Herk Harvey’s Carnival of Souls, follows a young woman named Mary, whom we first meet when she and her friends take an unfortunate nosedive off the side of a bridge while drag racing. Mary is the only one to survive this awful event and being emotionally scarred, she tries to move on with her life afterward. She relocates to a different city, where she takes a new job as a church organist, but driving away from the horrific events does not seem to help as frightening apparitions as well as being drawn to an abandoned carnival, begin to plague Mary.
Considered by many to be a B-Movie classic, 1962’s Carnival of Souls is just that, a cheap horror film with classic sensibilities. Some of the editing is very poor, with cuts that are just plain awkward, the sound isn’t great, and neither are some of the film’s performances. However, low budget or not, Carnival of Souls has a classic feel in many ways with its incredible atmosphere, mood, and picturesque cinematography.
Overall, the film has a strong presence of dismay, which is almost projected from the character of Mary, whom suffers from macabre visions that cause her to question her own sanity. Even scenes that take place in the middle of the day have an uncomfortable feel to them, which may be helped by the black and white photography and the often-subdued score. Mary being an organist was a brilliant choice, as it gives the viewer scenes set in creepy churches with Grande organs (insert big dick joke here), that would add to the film’s already modern gothic feel. It also works as a way to have a genuinely creepy organ based score, which only adds to the movie’s fantastic atmosphere.
As I mentioned before, some of the performances are a little on the weak side, but the strongest and most important one comes from the very beautiful, Candace Hilligoss, who plays Mary. She is not amazing by any stretch, but she does a solid job and has a strong screen presence that drew me in to her and the character she portrayed. Mary is a character with a range of emotions, which must have been a hefty task for someone who was not really an actor, which is the case with Hilligoss.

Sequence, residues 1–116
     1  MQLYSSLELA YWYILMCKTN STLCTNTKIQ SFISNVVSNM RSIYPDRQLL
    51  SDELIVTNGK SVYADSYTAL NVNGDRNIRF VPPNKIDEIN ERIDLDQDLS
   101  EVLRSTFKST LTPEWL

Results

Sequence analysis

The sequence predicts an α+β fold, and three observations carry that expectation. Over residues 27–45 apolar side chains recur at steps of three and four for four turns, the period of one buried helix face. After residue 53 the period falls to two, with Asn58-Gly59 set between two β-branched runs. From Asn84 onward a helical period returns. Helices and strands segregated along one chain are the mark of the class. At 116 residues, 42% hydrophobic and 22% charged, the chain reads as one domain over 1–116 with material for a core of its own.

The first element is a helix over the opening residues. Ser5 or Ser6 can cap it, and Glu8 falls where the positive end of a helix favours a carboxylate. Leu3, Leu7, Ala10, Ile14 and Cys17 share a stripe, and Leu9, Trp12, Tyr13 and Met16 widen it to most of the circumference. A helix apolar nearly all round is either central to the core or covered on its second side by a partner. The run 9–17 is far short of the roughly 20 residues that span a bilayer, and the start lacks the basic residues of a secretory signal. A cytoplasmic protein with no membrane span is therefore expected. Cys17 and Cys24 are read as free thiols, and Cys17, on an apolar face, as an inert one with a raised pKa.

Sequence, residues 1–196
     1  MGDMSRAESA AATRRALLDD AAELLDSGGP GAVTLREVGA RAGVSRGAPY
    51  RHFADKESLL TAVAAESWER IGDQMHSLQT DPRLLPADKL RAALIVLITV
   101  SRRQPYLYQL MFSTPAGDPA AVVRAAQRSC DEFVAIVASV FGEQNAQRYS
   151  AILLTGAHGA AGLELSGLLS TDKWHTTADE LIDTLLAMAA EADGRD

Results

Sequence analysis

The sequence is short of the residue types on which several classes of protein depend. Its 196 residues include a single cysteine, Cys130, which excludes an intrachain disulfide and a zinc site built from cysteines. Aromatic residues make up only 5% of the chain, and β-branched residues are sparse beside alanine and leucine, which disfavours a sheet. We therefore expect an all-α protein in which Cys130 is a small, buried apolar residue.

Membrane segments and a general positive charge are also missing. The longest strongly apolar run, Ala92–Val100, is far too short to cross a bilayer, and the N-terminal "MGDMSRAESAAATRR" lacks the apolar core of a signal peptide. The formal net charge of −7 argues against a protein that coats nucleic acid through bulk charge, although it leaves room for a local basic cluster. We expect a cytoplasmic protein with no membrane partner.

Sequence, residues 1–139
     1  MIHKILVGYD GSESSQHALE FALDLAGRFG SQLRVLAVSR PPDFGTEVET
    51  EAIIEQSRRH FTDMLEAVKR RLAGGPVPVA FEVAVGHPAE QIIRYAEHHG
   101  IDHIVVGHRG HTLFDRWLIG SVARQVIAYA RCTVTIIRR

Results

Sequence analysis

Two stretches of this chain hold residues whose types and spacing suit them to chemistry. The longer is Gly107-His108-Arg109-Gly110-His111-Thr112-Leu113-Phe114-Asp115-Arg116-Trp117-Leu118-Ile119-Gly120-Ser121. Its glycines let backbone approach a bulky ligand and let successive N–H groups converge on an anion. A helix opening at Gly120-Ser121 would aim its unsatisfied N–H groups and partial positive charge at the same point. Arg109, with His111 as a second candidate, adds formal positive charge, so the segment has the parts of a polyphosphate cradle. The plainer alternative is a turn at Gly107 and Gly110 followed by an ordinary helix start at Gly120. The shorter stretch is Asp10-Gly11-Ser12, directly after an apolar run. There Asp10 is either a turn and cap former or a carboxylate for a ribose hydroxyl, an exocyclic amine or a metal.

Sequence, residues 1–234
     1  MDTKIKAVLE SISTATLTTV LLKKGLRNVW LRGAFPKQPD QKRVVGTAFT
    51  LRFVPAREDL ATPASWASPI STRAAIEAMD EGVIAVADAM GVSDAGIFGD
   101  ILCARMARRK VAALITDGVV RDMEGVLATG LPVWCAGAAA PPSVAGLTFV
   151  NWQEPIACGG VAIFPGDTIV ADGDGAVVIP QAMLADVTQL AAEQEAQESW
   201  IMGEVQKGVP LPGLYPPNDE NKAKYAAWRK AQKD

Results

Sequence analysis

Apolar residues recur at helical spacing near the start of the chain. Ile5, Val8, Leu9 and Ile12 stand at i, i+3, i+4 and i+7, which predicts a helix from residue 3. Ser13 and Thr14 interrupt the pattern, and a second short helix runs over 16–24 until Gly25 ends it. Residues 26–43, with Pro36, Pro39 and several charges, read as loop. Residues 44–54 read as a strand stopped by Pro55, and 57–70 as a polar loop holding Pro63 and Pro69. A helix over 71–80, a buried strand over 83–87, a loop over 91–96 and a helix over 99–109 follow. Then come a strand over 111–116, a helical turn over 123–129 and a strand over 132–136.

There are many parallels to be taken from the character of Mary and some of her surroundings. After the accident, Mary becomes sort of a recluse, a character with much emptiness and possible guilt. Despite not being religious, Mary finds solace and peace in the church as she pounds away at the organ (insert sex joke here), but that is a very false sense of security as she is still plagued by… something. That something would be what draws her to the abandoned carnival, which is literally dead and soulless, contrasting Mary, who is figuratively dead and soulless inside.
While it may be titular, the carnival is rarely used, but when it is, it is used to great effect. It also has a lot of meaning and there could be the thought that the carnival being so empty is personified by the character of Mary. She is the carnival, while at the same time, the carnival is drawing her in, as it is a place for lost souls, which is what Mary is after all that she has been, and is, going through. It’s this comparison that drew me into the film most and mixed in with the proficient mood and tone of Carnival of Souls, makes it a classic in the truest sense. It moves slowly, but the patient eye will appreciate some of the thought put into the character of Mary, her surroundings, and how the two intertwine with one another.
While it might not be a must see film like Night of the Living Dead, Halloween, or Psycho, those are films that are necessary for any true fan of cinema. However, for a fan of horror, Carnival of Souls is a must for what it created with very little time and money. It is a tad slow, the twist ending is too easy to figure out, and while I enjoyed the scares, you can see them coming from a mile away. Nevertheless, Carnival of Souls succeeds, rising up out of the mediocrity caused by restrictions, to tell a tale that will give you goose bumps with it’s impending sense of doom and tightly crafted atmosphere, as well as something to ponder afterwards with the character of Mary.